Harold Hartman, Marjorie Newman, and Mary Vander-Voort, residents at Paul’s Run Retirement Community have graduated from the Pennsylvania Department of Aging’s “Pennsylvania Empowered Expert Residents (PEER)” course. The ten hour course, taught by a state-certified ombudsman, teaches residents about residents’ rights, and provides training on self-advocacy, problem solving and negotiating.
These newly graduated PEERs will now serve as mentors in the Paul’s Run community and as a resource to other residents. “It gives the residents someone that they can talk to and go to with any concerns that they might have,” said Patricia Warnick, the volunteer ombudsmen and PEER educator who taught the course at Paul’s Run. “It helps the residents to have more of a voice.”
The PEERs help residents to problem solve on their own, or will direct the resident to the person who will best be able to help them. PEERs also serve as mentors to new residents, helping them to become acclimated and familiar with the community. “It provides a support system for the residents,” said Lynda Pickett, manager of the Philadelphia Long Term Care Ombudsman program.
Patricia says that being a PEER also helps residents to stay active and maintain a sense of worth. “People who have served and worked in the past don’t want to stop working,” she said.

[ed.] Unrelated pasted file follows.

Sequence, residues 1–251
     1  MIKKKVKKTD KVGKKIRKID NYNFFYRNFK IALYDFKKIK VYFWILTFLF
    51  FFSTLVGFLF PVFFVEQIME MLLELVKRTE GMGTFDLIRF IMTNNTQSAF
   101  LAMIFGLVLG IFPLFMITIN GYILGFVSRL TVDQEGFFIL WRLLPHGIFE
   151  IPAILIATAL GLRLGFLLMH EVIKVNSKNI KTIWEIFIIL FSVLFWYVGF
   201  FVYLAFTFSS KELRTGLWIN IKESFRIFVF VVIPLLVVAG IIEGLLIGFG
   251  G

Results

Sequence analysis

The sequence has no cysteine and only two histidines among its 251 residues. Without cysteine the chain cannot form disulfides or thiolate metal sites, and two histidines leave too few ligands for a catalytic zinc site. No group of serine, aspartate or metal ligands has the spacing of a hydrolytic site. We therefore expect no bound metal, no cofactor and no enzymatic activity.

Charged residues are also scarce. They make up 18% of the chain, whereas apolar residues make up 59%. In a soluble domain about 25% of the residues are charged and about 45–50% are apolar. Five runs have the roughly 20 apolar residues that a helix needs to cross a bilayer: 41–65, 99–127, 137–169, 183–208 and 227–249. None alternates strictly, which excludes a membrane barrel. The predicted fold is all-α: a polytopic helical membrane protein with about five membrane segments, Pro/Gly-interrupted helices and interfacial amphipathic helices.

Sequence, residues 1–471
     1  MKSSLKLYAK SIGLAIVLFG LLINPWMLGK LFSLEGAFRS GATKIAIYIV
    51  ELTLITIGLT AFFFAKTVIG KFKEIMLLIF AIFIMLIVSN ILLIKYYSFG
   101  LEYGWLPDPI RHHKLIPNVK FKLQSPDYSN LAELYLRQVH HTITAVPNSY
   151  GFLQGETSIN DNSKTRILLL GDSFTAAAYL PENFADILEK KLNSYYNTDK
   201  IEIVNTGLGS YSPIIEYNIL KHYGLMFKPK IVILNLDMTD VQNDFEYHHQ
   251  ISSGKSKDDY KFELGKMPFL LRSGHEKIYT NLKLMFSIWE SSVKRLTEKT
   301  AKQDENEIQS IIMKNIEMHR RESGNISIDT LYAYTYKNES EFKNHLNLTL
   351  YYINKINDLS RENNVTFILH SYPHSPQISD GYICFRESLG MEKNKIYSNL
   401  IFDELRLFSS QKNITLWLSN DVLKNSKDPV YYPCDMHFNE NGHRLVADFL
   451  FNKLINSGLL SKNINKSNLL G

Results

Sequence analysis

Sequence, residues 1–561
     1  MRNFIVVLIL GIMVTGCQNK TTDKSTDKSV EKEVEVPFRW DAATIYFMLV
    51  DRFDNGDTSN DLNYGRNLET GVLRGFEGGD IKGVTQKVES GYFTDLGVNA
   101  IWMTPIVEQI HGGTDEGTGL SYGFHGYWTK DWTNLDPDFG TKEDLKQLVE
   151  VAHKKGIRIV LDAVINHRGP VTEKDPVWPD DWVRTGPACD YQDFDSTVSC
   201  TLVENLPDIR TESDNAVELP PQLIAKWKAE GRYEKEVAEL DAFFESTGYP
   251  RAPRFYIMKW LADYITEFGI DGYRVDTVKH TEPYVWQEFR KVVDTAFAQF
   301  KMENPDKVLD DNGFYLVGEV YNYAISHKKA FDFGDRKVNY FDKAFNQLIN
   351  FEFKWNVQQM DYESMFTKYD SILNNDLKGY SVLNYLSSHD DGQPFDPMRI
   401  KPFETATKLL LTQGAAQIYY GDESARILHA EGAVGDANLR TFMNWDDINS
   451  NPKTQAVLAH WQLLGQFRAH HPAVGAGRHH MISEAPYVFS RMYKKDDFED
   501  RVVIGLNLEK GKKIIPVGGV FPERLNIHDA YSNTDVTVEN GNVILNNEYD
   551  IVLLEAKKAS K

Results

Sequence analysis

Harold agrees. “It gives me something worthwhile to do,” he said.
Lynda says that the PEERs are also role models. “It takes a certain amount of bravery to advocate within the community that you live,” she said.
“I used to be afraid to speak up, but now I’m not anymore,” Marjorie said. “When you’re a minority in society, you tend to be forgotten. I want the voices of the residents to be heard.”
“You are the experts, you live here, you know what life is like. We really value your feedback because this is your home,” Lynda told the PEERs.
Glenn Jackomonis, the volunteer ombudsman for Paul’s Run, comes to Paul’s Run at least once a month to visit with residents, families and administrators, and address any concerns that the residents have. He will meet with the PEERs regularly, and he and Patricia will provide continuing education.
“Our goal is for the residents to do self-resolution. We want to step in as little as possible. When you have different personalities together, there’s going to be conflict. We all have conflict in our own homes. Now the residents have internal people that they can go to, and if the PEERs can’t help to resolve the problem we are available 24 hours a day,” Glenn said. “Paul’s Run is one of my favorite communities to work with. There are very few issues. You have great administrators and great staff.”
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